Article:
(redirected from Acromion process)
Also found in: Dictionary, Thesaurus, Medical, Financial, Encyclopedia.
Related to Acromion process: Medial border of scapula


A series of actions, motions, or occurrences; a method, mode, or operation, whereby a result or effect is produced; normal or actual course of procedure; regular proceeding, as, the process of vegetation or decomposition; a chemical process; processes of nature.

In patent law, an art or method by which any particular result is produced. A definite combination of new or old elements, ingredients, operations, ways, or means to produce a new, improved, or old result, and any substantial change therein by omission, to the same or better result, or by modification or substitution, with different function, to the same or better result, is a new and patentable process.

In civil and criminal proceedings, any means used by a court to acquire or exercise its jurisdiction over a person or over specific property. A summons or summons and complaint; sometimes, a writ.


Service of Process.

West's Encyclopedia of American Law, edition 2. Copyright 2008 The Gale Group, Inc. All rights reserved.


n. in law, the legal means by which a person is required to appear in court or a defendant is given notice of a legal action against him/her/it. When a complaint in a lawsuit is filed, it must be served on each defendant together with a summons issued by the clerk of the court, stating the amount of time (say, 30 days) in which the defendant has to file an answer or other legal pleading with the clerk of the court and sent to the plaintiff. A subpena is a similar to a summons but is a notice to a witness to appear at a deposition (testimony taken outside court), or at a trial. A subpena duces tecum is an order to deliver documents or other evidence either into court or to the attorney for a party to a lawsuit or criminal prosecution. An order to show cause is a court order to appear in court and give a reason why the court should not issue an order (such as paying temporary child support). The summons, complaint, subpena, subpena duces tecum and order to show cause must all be "served" on the defendant or person required to appear or produce, and this is called "service of process." Service of process is usually made by an officer of the court such as a deputy sheriff or marshal, or a professional process server, but can be performed by others in most jurisdictions. (See: summons, subpena, order to show cause, process server, service of process)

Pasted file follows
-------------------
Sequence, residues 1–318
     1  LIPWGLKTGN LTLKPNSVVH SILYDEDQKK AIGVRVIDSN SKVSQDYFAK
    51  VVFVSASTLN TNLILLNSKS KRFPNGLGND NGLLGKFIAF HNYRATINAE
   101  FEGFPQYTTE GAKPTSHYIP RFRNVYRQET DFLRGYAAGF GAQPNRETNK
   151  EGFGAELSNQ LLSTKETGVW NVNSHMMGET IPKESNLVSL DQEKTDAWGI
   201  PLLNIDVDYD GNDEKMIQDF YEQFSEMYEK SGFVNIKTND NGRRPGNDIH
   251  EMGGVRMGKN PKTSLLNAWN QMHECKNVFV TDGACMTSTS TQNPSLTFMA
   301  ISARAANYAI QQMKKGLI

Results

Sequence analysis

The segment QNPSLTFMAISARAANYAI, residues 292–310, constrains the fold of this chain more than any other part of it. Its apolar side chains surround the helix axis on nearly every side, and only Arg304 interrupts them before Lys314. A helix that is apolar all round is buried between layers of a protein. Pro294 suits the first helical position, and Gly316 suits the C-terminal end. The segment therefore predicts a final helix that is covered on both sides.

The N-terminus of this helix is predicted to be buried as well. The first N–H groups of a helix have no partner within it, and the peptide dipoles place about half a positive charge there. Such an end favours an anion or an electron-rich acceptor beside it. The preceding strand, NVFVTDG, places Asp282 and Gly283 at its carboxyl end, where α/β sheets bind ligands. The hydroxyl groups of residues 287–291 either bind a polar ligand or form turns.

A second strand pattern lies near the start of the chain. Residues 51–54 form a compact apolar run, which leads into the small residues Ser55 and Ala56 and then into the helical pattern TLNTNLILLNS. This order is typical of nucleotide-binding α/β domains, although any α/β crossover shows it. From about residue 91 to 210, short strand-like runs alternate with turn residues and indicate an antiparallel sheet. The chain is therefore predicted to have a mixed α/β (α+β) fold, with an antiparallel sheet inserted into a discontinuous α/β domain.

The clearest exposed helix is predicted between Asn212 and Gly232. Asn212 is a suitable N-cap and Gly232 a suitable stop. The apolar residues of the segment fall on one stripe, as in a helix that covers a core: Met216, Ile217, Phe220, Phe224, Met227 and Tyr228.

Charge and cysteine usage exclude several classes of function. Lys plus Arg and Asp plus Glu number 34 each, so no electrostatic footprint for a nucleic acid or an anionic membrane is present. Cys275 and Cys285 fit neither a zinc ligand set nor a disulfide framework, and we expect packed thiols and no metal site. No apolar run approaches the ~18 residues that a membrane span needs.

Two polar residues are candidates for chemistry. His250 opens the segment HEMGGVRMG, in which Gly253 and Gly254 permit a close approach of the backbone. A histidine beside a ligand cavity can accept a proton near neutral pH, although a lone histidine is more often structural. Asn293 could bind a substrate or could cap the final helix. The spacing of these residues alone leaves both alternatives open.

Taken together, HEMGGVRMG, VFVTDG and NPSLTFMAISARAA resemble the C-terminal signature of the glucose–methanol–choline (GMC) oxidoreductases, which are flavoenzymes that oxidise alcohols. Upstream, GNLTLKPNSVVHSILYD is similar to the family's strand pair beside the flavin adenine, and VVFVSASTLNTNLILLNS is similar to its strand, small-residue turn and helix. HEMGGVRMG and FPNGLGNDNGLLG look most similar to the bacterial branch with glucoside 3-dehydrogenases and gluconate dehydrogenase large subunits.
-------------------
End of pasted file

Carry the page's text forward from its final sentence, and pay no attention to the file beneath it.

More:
Copyright © 1981-2005 by Gerald N. Hill and Kathleen T. Hill. All Right reserved.

PROCESS, practice. So denominated because it proceeds or issues forth in order to bring the defendant into court, to answer the charge preferred against him, and signifies the writ or judicial means by which he is brought to answer. 1 Paine, R. 368 Bouv. Inst. Index, h.t.